In saying that, I can offer some advice from what I have learnt over my own personal journey and as a coach/counsellor guiding others on theirs. Here are some prompts that might connect with you.
If I am afraid of or suffer rejection, I may lack confidence.
If I lack confidence, I lack self-esteem.
If I lack self-esteem, I can choose to remain in denial and not take action, at risk of matters continuing or getting worse.
Toxic guilt and shame may well take over and continue to guide and rule my life, choices, actions and inactions.
Toxic guilt and shame are the opposite of courage and will lead to further self-judgement and self-sabotage. They are not the emotions that a confident person chooses to give power to.
The first step is to recognise what is going on within you and how its impacting your life and your self. Letting go of denial by assuming accountability and responsibility (see past blog) can help greatly with this step. When in doubt, look within.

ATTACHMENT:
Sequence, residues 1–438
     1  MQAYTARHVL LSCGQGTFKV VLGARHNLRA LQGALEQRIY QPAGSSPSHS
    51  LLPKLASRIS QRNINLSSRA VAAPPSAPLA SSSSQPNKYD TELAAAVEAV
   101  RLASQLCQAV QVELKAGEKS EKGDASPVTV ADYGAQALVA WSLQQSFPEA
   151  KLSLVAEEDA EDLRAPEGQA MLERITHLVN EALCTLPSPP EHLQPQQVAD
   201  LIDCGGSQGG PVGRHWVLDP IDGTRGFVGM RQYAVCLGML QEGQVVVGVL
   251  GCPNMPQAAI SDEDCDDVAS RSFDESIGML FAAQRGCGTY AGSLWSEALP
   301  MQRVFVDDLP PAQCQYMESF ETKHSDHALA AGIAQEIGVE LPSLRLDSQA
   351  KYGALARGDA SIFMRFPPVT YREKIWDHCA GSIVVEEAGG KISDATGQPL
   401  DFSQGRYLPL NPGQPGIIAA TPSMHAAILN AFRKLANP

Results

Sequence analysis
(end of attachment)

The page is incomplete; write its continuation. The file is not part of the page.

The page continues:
When I become aware that I am not confident / am suffering from a fear of judgement and rejection, what is the next step?
To surrender and embrace all that is. When we resist what is a fact or a reality, we give in to a further layer of toxic guilt and shame. We remain stuck in the same space, whilst augmenting the guilt and shame. As we grow up, through adulthood and middle age without confronting this cycle, we end up believing we are confident and happy people when inside we’re struggling with self-loath, not self-love. And we continue to escape and avoid rejection from others because we have yet to overcome our own self-rejection. By avoiding, we recreate.